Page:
When we believe the Gospel to be true, joy shows up when it just doesn’t make sense.
Has anyone ever asked you this question: “If you could have dinner with one person, living or dead, who would it be?” That seems to be a common question in icebreaker games, in a classroom, or just in random conversations. The premise is to get to understand people a little better by knowing who they would choose to dine with and why.
My answer is usually my paternal grandmother Ruth or the apostle Paul. Both because they intrigue me. The first because I don’t really know her life story since she passed away long before I was born. And the latter because I do know his story.
The biggest reason Paul intrigues me is because of his joy. He was a man who had seen both sides of joy as Saul (the joyless) and then as the converted Paul (the joyful). I think we can all relate to that in some way with our own life, taking the journey from joyless to joyful. I am guessing that all of our joyless points are different. But I will bet that our joyful points have one common thread…the Lord.
In all of the books of the Bible that Paul authored, he consistently speaks of joy despite what is happening around him. “Whatever happens, my dear brothers and sisters, rejoice in the Lord.” (Phillippians 3:1) “We can rejoice too when we run into problems and trials, for we know that they help us develop endurance.” (Romans 5:3) “Rejoice in the Lord always. I will say it again: Rejoice!” (Philippians 4:4)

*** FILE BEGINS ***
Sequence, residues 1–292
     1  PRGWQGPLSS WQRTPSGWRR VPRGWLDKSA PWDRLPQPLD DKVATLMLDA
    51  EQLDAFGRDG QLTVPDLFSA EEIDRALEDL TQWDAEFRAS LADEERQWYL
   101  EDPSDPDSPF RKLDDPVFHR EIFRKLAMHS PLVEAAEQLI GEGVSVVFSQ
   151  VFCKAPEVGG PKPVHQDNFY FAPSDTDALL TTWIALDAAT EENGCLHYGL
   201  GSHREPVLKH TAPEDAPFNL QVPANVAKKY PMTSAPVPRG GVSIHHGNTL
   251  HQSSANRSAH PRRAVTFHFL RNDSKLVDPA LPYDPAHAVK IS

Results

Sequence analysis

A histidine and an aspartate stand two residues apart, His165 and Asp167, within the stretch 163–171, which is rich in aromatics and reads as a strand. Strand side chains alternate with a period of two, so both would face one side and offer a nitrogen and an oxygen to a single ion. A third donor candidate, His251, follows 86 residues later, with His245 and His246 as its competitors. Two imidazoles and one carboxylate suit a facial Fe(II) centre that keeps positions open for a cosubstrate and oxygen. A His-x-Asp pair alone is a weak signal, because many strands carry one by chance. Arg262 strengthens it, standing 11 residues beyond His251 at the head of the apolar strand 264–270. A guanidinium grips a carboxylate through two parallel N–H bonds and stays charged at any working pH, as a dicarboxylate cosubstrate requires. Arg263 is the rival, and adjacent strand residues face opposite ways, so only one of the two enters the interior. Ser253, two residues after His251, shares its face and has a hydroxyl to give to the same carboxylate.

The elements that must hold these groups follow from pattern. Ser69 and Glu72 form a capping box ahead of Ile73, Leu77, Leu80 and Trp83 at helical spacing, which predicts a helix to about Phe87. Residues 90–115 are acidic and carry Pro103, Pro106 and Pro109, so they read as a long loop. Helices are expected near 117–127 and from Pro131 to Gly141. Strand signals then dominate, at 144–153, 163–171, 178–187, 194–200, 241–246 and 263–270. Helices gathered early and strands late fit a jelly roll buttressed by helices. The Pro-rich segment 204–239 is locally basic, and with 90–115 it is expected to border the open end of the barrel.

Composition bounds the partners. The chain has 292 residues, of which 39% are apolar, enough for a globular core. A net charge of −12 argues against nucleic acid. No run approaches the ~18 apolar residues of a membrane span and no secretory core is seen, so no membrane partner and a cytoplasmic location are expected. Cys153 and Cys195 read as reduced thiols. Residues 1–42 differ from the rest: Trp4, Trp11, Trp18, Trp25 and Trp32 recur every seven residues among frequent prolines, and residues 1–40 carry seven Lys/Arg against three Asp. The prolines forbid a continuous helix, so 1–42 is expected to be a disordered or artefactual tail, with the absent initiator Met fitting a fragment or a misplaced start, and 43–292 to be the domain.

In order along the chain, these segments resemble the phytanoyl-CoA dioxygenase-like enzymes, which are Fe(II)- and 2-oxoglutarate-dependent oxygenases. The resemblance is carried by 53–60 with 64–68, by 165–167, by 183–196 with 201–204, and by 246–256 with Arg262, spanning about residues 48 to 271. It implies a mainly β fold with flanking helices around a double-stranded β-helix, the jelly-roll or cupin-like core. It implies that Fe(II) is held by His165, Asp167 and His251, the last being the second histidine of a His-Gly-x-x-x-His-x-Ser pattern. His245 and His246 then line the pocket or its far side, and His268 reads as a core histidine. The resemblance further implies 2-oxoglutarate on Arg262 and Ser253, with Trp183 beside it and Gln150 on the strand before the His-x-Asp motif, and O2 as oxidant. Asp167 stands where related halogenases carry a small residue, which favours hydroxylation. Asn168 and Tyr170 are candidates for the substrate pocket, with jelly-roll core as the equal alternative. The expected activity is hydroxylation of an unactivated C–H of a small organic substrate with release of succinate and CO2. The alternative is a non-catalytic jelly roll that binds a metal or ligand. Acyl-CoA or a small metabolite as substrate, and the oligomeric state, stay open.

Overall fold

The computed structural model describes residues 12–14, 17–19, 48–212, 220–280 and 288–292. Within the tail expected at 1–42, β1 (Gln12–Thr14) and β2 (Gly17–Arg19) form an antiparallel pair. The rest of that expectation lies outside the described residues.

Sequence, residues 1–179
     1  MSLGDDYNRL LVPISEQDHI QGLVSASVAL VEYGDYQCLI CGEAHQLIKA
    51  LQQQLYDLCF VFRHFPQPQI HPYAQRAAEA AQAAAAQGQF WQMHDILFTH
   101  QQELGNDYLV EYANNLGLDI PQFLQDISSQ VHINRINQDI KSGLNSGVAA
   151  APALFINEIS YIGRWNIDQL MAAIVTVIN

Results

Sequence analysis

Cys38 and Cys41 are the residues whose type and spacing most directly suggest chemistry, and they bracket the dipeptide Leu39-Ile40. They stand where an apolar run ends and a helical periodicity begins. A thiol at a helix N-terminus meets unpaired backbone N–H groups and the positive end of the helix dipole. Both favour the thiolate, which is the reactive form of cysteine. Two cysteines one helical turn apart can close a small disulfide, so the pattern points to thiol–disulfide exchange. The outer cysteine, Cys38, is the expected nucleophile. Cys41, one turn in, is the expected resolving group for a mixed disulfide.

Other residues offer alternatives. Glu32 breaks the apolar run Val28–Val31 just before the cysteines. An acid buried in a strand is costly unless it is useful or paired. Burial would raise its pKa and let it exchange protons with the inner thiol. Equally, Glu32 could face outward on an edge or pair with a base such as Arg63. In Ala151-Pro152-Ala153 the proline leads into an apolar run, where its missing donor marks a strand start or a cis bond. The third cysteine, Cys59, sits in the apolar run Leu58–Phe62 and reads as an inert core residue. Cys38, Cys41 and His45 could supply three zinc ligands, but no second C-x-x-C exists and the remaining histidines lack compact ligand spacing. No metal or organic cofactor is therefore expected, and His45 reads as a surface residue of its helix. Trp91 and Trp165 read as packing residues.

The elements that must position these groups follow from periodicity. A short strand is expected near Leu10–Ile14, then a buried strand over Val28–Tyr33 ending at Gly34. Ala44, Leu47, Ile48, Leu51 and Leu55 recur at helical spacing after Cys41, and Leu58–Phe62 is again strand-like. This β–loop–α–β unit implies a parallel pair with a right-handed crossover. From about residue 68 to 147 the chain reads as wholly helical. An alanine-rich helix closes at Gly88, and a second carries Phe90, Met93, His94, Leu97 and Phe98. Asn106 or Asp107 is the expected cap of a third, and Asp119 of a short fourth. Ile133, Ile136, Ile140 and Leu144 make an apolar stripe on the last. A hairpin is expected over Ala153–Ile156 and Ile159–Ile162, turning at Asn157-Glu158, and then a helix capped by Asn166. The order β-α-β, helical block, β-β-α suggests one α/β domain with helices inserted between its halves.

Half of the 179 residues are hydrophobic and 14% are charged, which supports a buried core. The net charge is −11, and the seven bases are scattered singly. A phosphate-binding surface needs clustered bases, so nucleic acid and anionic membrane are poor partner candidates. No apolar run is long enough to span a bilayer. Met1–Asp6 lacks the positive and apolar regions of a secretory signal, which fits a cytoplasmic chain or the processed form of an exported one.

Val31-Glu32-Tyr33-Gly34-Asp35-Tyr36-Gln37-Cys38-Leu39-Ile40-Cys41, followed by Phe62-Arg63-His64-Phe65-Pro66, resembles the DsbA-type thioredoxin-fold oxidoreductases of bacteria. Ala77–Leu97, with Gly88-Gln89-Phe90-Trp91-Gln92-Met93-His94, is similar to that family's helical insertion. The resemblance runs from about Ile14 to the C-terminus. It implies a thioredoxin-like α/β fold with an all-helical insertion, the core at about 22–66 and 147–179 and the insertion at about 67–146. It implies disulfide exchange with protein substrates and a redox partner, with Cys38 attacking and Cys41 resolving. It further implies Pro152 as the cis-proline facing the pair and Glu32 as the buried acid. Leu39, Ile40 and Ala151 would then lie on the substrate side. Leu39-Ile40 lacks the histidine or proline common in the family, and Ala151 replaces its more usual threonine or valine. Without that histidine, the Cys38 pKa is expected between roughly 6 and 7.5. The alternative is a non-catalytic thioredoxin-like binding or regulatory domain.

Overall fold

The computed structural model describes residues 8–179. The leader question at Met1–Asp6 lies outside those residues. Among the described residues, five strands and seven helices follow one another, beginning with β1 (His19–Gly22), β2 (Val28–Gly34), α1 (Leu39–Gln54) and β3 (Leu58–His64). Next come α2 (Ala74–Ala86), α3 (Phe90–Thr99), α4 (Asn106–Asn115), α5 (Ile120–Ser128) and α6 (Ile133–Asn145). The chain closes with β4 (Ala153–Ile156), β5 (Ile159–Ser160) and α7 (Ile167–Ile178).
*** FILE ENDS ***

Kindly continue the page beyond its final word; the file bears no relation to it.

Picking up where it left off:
Do you know what the definition of joy is according to the dictionary? It is “a feeling of great pleasure or happiness”. That isn’t the joy that I know. That isn’t the joy that Paul is speaking of in any of the books he wrote. That is outward worldly joy based on emotions and circumstances, which are both temporary. Aren’t you glad that definition of joy isn’t the deep-rooted inner joy God promises to us as believers?
When we believe the Gospel to be true, joy shows up when it just doesn’t make sense. When a child dies, when a spouse has cancer, when your own life is turned upside down by things you can’t control…joy remains. Paul found joy in the midst of being beaten in prison. How can joy coexist with hard circumstances? “The joy of the Lord is your strength.” (Nehemiah 8:10) When we know our problems and our circumstances do not define us as believers, we can find joy. When we know Jesus has already won, we can find joy. When we realize earthly problems will stay here when we pass and we will be in the presence of our Savior, we can find joy.